The Old Prison


Eerie and Abandoned

Today the Tao are still heavily dependent on the sea, as their ancestors were. Despite the introduction of new ways of life by the Taiwanese – including the modern houses and the use of Mandarin as the official language – old traditions still flourish on the island. Goats – considered the symbol of wealth for locals in the past – freely roam the island. The local language found its revival after the strict imposition of Mandarin was lifted. In 2005 the Tao were finally allowed to have non-Chinese names and the local school now has teaching materials about Tao culture.

Things are looking relatively bright now for the locals, even though some tensions remain. As I handed my baggage to the officer at the airport prior to leaving the island, the stiff face of the middle-aged man softened as James explained that I am from Indonesia, a country which shares many cultural aspects with the Tao. His genuine happiness represents the feeling of most Tao people who long for the recognition of their rich and distinctive roots.

Before boarding the airplane, the same man was standing near the door, helping the crew and making sure all the passengers had boarded the plane.

“Meikunan!” I said to him. He grinned to his friend, looking very happy that someone who came from thousands of miles away spoke a little bit of the local language. James also smiled upon hearing what he said next. “He speaks it very accurately!” I hopped aboard, taking my seat in the darkness of the cabin. Soon the propellers spun into motion and we were speeding down the lone asphalt runway. As the plane climbed into the sky, I finally bid the island farewell. “Meikunan, Lanyu!”


Yeyou (Yayo) Village


Scaling the Fish


Dried Fish for Sale


A Flock of Goats


The Weather Station

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Based in Jakarta, always curious about the world, always fascinated by ancient temples, easily pleased by food.

41 thoughts on “The Uneasy History of the Tao”

    • They are! Actually it’s amazing how those patterns I saw on a small Taiwanese island looked familiar with what I saw a year ago in Lake Toba, North Sumatra. The people in both places use red, black and white colors for their decorative engravings. I’ve also seen similar coloring method in Toraja, South Sulawesi. I guess that proves the theory that the aboriginal people of Taiwan are the ancestors of all Austronesian people in Southeast Asia and elsewhere in the world.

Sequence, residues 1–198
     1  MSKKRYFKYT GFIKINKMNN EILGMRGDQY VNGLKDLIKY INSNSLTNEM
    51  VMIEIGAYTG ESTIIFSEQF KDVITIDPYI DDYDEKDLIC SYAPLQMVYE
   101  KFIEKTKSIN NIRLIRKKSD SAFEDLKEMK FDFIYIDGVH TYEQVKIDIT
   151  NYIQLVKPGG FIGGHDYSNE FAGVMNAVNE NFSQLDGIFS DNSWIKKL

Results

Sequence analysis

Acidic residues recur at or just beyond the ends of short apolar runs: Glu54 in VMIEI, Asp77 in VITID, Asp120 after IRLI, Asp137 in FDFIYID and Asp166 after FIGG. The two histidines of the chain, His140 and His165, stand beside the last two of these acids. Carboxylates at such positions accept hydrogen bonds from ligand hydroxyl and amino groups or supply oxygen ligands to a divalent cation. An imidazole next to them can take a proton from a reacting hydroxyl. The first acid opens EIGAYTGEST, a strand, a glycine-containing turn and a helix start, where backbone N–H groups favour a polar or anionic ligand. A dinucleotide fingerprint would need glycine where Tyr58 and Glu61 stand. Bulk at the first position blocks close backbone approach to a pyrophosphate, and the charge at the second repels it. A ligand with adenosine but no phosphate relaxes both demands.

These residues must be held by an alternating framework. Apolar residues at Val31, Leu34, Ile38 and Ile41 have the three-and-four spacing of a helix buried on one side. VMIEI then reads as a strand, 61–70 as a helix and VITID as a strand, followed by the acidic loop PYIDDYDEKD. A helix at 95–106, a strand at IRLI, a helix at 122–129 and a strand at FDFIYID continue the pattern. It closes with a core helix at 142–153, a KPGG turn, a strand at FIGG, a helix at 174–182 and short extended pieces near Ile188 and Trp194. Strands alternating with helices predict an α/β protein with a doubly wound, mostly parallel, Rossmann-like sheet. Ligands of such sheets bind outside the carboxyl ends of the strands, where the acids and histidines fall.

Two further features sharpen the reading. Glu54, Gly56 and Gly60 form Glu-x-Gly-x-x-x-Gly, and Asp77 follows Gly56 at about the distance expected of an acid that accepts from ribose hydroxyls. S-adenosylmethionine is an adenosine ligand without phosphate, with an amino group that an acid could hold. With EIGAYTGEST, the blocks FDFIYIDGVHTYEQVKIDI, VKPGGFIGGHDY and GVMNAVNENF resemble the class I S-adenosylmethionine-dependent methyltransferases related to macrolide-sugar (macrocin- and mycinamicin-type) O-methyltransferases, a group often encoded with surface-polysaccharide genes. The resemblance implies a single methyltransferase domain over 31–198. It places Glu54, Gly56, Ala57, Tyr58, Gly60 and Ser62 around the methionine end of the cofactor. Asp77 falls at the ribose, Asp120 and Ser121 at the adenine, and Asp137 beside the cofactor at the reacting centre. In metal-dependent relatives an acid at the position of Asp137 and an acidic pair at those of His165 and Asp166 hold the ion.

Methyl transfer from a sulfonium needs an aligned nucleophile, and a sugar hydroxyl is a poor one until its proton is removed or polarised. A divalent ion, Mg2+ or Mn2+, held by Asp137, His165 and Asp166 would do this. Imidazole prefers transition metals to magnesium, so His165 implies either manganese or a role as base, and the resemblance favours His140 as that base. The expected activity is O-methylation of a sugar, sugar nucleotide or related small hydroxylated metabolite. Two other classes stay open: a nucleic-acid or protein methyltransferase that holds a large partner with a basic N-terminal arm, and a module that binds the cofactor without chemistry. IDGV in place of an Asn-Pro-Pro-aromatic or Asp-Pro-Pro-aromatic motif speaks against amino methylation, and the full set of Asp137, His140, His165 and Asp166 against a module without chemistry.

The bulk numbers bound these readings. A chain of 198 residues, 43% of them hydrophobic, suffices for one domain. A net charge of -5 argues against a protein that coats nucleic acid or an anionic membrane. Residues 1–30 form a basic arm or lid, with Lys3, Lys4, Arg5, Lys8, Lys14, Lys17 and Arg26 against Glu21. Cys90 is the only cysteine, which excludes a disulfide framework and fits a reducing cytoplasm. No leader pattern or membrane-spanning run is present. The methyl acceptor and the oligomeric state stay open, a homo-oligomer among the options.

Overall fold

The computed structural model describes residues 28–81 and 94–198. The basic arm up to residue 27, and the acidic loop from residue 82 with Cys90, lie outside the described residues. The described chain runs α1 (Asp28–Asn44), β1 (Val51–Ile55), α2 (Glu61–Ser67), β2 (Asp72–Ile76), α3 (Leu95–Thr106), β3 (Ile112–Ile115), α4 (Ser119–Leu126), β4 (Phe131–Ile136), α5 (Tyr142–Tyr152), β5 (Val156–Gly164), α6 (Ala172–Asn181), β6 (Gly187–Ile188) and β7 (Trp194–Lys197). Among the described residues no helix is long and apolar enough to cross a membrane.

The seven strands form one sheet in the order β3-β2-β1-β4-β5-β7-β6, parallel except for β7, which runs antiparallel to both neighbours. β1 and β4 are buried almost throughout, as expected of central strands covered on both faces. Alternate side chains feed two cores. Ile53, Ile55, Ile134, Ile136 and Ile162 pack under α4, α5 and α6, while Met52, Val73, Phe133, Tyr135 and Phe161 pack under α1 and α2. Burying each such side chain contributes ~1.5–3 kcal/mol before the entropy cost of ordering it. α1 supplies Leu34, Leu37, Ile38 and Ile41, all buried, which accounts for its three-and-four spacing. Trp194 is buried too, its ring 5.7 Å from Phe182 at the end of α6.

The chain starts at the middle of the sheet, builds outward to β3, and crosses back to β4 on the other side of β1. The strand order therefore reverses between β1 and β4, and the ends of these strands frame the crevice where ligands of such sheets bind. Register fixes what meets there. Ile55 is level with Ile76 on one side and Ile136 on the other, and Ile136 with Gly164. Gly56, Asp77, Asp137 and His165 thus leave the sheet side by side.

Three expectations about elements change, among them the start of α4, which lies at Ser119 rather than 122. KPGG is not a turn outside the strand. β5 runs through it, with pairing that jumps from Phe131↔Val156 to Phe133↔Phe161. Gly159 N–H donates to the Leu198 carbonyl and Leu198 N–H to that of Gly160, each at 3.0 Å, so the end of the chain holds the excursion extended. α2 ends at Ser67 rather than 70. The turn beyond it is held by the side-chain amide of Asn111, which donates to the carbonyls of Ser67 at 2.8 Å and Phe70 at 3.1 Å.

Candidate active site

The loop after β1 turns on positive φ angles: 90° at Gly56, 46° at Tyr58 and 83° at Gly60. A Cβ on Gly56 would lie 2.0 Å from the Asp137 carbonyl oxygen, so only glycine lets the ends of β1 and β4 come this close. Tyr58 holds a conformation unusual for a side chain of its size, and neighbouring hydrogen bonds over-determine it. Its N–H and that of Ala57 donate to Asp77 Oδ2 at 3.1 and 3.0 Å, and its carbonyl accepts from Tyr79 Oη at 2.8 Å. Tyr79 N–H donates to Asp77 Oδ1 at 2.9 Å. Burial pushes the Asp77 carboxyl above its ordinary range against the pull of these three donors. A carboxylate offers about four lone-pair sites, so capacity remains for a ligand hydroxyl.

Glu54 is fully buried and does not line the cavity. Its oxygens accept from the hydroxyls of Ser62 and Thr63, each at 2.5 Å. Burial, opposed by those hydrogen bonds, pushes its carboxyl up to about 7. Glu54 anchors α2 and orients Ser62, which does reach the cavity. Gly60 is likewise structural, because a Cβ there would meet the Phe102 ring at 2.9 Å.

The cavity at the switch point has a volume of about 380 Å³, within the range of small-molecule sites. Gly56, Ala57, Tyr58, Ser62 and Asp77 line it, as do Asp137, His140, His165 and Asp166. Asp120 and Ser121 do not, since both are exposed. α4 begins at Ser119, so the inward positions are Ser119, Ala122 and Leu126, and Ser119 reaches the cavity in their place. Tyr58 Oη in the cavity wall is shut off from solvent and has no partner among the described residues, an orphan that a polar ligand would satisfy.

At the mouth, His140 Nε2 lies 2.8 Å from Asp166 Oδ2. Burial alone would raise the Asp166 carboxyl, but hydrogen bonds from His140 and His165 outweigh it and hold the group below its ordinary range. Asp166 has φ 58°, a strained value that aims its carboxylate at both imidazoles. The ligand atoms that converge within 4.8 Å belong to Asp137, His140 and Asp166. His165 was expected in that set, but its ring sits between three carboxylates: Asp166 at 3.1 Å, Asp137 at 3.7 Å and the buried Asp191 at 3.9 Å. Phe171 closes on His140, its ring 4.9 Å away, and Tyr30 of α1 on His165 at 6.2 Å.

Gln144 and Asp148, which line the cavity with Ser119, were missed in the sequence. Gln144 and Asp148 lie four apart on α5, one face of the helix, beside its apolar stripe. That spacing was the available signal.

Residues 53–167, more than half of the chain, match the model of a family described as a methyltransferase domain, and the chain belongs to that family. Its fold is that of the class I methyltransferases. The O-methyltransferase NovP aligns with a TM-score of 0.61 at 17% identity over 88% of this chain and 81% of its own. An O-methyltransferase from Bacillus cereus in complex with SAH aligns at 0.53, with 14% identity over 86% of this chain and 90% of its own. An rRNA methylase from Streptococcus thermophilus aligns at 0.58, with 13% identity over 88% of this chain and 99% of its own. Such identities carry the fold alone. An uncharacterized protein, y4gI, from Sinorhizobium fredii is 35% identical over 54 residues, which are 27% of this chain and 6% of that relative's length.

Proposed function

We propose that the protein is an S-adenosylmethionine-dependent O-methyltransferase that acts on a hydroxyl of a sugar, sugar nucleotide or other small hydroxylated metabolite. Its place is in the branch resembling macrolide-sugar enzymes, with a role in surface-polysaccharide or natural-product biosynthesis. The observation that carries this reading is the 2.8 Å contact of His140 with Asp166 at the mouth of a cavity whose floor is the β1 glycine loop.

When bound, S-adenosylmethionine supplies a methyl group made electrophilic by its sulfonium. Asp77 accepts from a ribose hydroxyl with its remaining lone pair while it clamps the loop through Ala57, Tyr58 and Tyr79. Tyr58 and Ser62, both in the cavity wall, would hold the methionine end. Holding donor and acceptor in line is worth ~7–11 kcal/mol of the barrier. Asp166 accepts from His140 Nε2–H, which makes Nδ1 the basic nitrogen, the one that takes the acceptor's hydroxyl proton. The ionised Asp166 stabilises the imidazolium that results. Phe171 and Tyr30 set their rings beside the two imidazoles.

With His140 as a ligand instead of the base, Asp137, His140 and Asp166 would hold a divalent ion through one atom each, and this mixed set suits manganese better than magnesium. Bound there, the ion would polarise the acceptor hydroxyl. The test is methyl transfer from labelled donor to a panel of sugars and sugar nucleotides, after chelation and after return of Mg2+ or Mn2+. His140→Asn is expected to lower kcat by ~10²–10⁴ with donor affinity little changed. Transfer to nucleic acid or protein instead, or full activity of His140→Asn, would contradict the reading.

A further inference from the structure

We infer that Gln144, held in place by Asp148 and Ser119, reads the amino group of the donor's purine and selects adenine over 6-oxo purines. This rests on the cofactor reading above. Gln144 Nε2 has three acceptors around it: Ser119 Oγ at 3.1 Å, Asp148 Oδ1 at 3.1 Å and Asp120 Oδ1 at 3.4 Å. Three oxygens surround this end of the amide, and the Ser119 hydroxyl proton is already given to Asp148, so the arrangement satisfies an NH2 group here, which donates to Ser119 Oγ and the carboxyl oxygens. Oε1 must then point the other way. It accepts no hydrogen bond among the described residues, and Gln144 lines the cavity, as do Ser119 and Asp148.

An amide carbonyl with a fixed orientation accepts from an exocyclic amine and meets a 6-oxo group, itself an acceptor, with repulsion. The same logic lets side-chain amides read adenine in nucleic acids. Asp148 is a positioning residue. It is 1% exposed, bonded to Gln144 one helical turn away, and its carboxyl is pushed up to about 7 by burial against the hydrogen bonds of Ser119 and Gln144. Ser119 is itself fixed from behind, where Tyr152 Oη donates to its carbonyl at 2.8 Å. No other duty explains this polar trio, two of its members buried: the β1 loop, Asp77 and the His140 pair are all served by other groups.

1. Gorgeous photos, Bama! I’m not sure why I didn’t take one of Battleship Rock – from the ring road it was such an impressive sight, and remarkably similar to its namesake! Again, you noticed some things that I didn’t see… like the man busy at work scaling his catch. 🙂


    • Thanks James! I guess you were far too excited for the scooter ride? 🙂 Actually there’s one rock formation that I forgot to take picture of: the Dragon’s Head Rock. About the photo of the man, I took that while you were inside the white grocery store looking for some drinks and snacks for us. 🙂


  2. alexander sriewijono says:

    Gosh, what a great article Mase! You brought me there, with your words, to the past and present moment of the Tao. For me, this is the most soulful article that I ever read in your blog. Keren. Salut.

    Your description of “”living on small island surrounded by the pacific ocean is like A DOUBLE-EDGE SWORD” is brilliant; the marine life-rich and the typhoons, present serenity and the dark chapters in its history, the future dream in their mind and the nightmare in their memory, the old prison and the beautiful white canoes.

    A journey of life, within ourselves. EMBRACING the yin and yang.



    • Thank you so much! Such a great encouragement and humbling comment from you Bapake! 🙂 I felt so attached to the island because of their culture. The term “home away from home” was never so true before. 🙂


      • alexander sriewijono says:

        I keep thinking of your article, and RE-read it this morning. I enjoy it as much as I read it for the first time, even more I think.

        A great film is the one that is still “running” in our mind, scene by scene, even when we left the theatre already. Also a beautiful song, a brilliant book, and for sure… THIS ARTICLE.

        Respecting the past, keeping the present moment as simple as possible by optimizing our mindfulness,and embracing uncertainties that’s colouring our future, are the three key elements to create a better life and happier human being.

        It’s a lovely life reminder in your article. A journey within.